Jessica Bombino Elliott, Sunnyside (11/17/20)

“Being a healthcare worker during a worldwide pandemic is an interesting experience, to say the least. I distinctly remember, about 2 weeks into shutdowns, commiserating with colleagues and saying “we’re ready for this to be over now”. Nine months later, it feels worse than it was then. When Vicky asked me to contribute to this feature, and to discuss what I’m thankful for (other than the obvious family and friends and health), I really had to think. I’m an ICU Physical Therapist, and after 10 years in this profession, I’ve never felt such sadness and grief as I do now. Once I sat down to really think about it, of course, there is so much I am thankful for.I’m thankful to have job security in a time when so many people and small businesses are struggling with loss of income, for an amazing supervisor that has graciously allowed me to change my schedule a half dozen times since March (as schools have closed, summer camps have shut down, schools have re-opened with different hours, only to shut down again) and for phenomenal colleagues who are equally emotionally drained, fatigued and fighting burnout in a real way, but show up every day with coffee and crass humor to help each other get through.Saying “I’m thankful for my health” has become a faux pas these days, but this is truly what I’m most thankful for. Health and independence can be fleeting. Holding my babies (don’t tell them I called them babies) tight at night, listening to their gleeful laughter and silly made up jokes (and sometimes their fighting, whining and screaming at each other) is something I try not to take for granted. Too many people are losing their ability to walk, talk and think like themselves due to critical illness or injury – they’re isolated from their families and friends due to visitor restrictions as they try to find their way back. I’m thankful to be able to hold my family.I’m grateful for our amazing teachers who are working extra long hours, dealing with stressed and confused parents, all with great patience and grace; for a community that, overall, is really trying to control this pandemic. People are wearing their masks when they go out, our local businesses are doing a phenomenal job of following all guidelines and then some (we haven’t gone out much – but I’m looking at you, TaDa and Runner’s Roost!).In desperation to find ways to connect with each other locally, it has inspired ways to connect with long distance family and friends, like “Sunday Sippers” with the in-laws, FaceTime dates with my sisters, and long runs “with” friends over AirPods. All things that we could have been doing all along, but never occurred to us until we all became isolated.”In the end, I guess my answer to the question “What am I thankful for?” is still family and friends and health. Sorry, Vicky!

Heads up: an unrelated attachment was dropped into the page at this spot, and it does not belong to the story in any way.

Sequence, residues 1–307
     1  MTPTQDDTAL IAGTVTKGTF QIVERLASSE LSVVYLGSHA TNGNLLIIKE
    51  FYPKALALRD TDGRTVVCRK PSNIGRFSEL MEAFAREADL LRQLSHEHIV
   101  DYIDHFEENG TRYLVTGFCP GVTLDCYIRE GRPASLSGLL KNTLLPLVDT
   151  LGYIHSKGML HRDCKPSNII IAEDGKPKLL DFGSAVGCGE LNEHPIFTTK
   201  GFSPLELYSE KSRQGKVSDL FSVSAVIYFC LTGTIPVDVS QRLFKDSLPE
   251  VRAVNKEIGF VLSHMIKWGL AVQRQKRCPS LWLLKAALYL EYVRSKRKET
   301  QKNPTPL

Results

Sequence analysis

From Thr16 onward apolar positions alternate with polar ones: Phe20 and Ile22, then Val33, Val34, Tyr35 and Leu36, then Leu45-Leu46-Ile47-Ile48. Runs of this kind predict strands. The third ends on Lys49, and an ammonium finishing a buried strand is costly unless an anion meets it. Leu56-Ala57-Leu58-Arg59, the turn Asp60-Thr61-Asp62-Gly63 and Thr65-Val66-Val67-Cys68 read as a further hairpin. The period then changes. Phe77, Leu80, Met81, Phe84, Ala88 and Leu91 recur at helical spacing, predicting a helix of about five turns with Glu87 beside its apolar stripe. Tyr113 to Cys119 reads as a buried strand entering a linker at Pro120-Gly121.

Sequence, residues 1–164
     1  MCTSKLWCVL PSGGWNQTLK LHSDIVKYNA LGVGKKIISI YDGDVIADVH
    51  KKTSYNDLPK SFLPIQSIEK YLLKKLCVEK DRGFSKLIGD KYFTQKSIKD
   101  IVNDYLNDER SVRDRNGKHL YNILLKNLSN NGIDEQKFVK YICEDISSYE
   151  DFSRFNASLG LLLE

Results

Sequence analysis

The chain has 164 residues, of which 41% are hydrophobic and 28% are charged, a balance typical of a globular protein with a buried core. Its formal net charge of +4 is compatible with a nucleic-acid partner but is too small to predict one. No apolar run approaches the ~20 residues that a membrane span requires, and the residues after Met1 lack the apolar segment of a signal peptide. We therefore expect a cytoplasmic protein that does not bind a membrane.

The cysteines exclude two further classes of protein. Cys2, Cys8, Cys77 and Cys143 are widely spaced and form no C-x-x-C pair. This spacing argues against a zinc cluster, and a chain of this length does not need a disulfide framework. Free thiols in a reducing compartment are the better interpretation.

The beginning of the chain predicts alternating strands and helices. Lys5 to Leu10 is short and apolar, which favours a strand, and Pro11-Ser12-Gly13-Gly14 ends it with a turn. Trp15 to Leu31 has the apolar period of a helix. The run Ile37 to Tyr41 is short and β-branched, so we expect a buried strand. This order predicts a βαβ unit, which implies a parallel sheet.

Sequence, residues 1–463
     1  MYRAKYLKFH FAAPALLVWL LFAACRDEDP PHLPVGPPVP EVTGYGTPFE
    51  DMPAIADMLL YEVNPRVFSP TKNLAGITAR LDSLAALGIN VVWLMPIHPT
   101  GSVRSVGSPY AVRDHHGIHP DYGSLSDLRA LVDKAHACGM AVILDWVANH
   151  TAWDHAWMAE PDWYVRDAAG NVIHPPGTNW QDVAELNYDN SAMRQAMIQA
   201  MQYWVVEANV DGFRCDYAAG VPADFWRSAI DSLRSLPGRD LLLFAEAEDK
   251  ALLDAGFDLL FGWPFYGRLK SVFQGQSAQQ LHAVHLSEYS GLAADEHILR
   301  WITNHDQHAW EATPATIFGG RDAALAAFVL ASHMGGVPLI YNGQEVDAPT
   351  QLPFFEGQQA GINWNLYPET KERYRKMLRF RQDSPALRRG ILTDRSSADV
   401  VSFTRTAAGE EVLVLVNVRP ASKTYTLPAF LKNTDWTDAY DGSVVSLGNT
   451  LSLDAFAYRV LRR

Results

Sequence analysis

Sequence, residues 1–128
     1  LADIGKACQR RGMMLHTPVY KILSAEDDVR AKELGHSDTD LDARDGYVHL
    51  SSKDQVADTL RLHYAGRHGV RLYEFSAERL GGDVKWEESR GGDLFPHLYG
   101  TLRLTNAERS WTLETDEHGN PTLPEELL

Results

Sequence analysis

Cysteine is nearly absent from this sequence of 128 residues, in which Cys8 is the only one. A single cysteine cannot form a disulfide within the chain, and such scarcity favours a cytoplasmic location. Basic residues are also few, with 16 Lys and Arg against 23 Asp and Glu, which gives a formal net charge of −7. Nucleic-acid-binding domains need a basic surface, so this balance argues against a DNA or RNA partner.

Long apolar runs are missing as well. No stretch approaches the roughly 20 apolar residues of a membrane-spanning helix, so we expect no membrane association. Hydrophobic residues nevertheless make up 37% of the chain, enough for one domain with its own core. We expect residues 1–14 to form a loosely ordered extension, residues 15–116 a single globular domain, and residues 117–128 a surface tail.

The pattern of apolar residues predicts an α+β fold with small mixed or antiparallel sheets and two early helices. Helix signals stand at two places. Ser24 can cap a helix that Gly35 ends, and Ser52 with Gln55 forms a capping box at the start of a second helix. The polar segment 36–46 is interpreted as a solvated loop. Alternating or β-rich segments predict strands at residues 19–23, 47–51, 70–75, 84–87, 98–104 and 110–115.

Gregg Pratt, North Denver (11/16/20)

“I am incredibly grateful for the generosity and support of our North Denver community. While, Bienvenidos Food Bank has been a Northside grassroots organization since 1976, we’ve never been more connected or supported than this year. From the start of Covid-19 the people of this community stood with us to make sure that no family or person went hungry. I’ve been moved by the outreach I have received from neighbors, public officials, businesses, churches and community organizations. So many of you have checked in to see how we are doing, what you can do or share a kind note of encouragement or a donation. Many people don’t know that most of our volunteers are also food bank clients – as we’ve always valued the notion of neighbors helping neighbors. 2020 has proven without question the power of that idea. This community is filled with the most incredible people for which I couldn’t be more Thankful.”

David Sabados, Berkeley (11/15/20)